4. Digital laid out (set-out) element deviations are logged and the as-planned model element updated.
  5. At identified construction milestones, Laser scanning point clouds will capture key components such as Footings / foundations, in-ground services, slabs on grade, superstructure, post-tensioning reinforcing, services first fix and building close out.
  6. The point clouds will be purged to remove temporary construction activities captured, and the result visually compared against the model elements to check the model completeness.
  7. Visual onsite inspections, including digital photographs to occur monthly. This will include comparing recently completed works against the model element with deviations updated in the BIModel. This will especially focus on areas not covered by the point cloud capture process.
  8. All model elements in the As-Built BIModel to contain data attributes, identifying:
    • final construction Level of Development,
    • Level of Development graphical As-Built grade,
    • Level of Accuracy (if applicable),
    • name of verifier and date verified.
  9. The As-Built BIModel, laser scan point clouds, and digital photographs are to be supplied to the client at the building handover stage.  Files are to use the current version of their native file format, and supplied in an open neutral format, such as IFC (BIModel format) and an E57 file (point cloud) format. Digital photographs are to be cataloged, including; date taken, floor and space/room location details.

As-Built Package:  It is still standard practice for an As-Built BIModel to be handed over along with As-Built 2D PDF Drawings and Documentation which have been directly generated from the As-Built BIModel.

Cost Impact: If the above As-Built requirements are identified up front in the contract, the result will impose no additional costs on the client. Assuming the Design team and Contractor actively engage in the process, they should incur cost savings, deliver the project with greater efficiency, greater site safety, reduce construction waste and achieve an outcome closer to the Design Intent. Failure to clearly identify As-Built requirements in the contract “may” result in variations and additional costs to the client.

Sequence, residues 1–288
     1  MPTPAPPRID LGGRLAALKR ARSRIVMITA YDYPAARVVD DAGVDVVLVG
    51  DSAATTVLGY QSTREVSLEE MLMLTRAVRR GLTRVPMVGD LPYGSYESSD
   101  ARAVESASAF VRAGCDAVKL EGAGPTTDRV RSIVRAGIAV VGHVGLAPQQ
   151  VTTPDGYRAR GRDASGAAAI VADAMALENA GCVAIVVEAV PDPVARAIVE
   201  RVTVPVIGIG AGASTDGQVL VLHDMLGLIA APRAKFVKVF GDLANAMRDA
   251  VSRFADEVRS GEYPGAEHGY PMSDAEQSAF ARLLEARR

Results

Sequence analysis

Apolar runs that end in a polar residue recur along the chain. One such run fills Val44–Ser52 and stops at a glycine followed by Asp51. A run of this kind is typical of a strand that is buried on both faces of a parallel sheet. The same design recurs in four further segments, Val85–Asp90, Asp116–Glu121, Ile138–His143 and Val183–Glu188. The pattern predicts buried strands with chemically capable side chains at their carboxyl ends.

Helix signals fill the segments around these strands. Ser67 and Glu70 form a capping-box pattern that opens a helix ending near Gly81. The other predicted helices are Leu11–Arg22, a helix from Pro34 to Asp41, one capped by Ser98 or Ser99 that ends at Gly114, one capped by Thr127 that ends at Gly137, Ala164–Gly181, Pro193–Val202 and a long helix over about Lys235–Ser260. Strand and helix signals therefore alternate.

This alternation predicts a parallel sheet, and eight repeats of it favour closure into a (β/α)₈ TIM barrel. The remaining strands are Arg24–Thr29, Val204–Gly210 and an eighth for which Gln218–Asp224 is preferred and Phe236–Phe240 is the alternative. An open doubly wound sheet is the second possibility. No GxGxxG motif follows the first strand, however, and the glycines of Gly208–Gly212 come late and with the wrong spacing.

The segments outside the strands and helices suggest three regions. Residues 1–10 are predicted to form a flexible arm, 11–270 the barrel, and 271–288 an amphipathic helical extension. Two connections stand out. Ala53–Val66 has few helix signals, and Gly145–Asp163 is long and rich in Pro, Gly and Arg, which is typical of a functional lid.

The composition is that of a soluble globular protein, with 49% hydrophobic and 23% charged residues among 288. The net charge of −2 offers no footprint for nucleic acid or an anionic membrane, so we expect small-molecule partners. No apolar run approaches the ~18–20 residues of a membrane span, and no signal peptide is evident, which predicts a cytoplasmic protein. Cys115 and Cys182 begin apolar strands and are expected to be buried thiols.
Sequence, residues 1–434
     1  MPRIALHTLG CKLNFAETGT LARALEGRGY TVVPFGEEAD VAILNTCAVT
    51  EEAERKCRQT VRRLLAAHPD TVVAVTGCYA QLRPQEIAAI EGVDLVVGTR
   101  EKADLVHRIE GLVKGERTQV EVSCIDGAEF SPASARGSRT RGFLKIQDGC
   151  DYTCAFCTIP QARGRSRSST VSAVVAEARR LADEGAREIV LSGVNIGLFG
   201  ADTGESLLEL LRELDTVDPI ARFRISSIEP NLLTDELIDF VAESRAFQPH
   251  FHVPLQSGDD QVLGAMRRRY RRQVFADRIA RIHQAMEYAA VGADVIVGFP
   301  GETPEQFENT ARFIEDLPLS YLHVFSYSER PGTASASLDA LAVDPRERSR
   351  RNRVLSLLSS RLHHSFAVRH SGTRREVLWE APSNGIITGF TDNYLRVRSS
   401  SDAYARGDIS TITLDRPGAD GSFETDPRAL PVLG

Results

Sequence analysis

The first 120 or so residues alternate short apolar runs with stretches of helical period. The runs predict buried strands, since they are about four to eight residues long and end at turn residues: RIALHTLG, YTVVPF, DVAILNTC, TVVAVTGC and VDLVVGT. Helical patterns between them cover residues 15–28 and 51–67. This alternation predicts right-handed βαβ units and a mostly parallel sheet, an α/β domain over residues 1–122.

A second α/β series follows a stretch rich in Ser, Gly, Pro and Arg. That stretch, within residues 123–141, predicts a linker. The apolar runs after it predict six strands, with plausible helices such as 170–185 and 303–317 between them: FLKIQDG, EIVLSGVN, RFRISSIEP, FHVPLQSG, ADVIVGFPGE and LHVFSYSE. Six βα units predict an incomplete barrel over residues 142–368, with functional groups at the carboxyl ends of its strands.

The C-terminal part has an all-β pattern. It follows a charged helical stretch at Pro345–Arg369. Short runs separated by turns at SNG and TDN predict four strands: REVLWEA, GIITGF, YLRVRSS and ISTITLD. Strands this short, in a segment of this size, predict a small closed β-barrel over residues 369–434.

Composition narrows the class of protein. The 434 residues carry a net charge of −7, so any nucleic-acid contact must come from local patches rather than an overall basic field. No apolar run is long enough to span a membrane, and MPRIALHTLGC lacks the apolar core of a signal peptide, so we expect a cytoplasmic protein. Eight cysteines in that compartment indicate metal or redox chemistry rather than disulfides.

LOD 500 Conclusion:

LOD 500 appears a poor approach in specifying As-Built graphical data for BIModel elements. It lacks clarity, lacks authorised uses, and will cause project confusion and poor outcomes when engaged. Approaches similar to the above-identified (Graphical As-Built grade) will enable clarity and provide the Client with the As-Built certainty they desire.

Requiring measured As-Builts may be a pointless exercise unless the Client is directly engaging the BIModel elements on a dimensional level. Clients unwilling to maintain and update measured as-built BIModel geometry must question this deliverable.

Fundamental BIModel As-Built Framework Requirements:

  • Identify model elements final Level Of Development reached.
  • Allow various grades of field verification grades. Such as Visual or Measured.
  • Measured field verification to specify the Model Element Level Of Accuracy
  • Identify model element’s As-Built Authorized Uses.
  • Identify the name of the person who carried out the verification and the date.
  • The above data to be embedded into Attributes of the Model Elements.
  • Contain other sources of As-Built references, such as As-Built: point clouds, photos and Drawings/Documentation.

Close: The AIA should retire LOD 500, and replace it with a clear and concise As-Built grade specification which provides certainty and value to BIModel users. I propose the above approach “Level of Development graphical As-Built” replace the LOD 500 section of the AIA G202TM framework.

Open Discussion: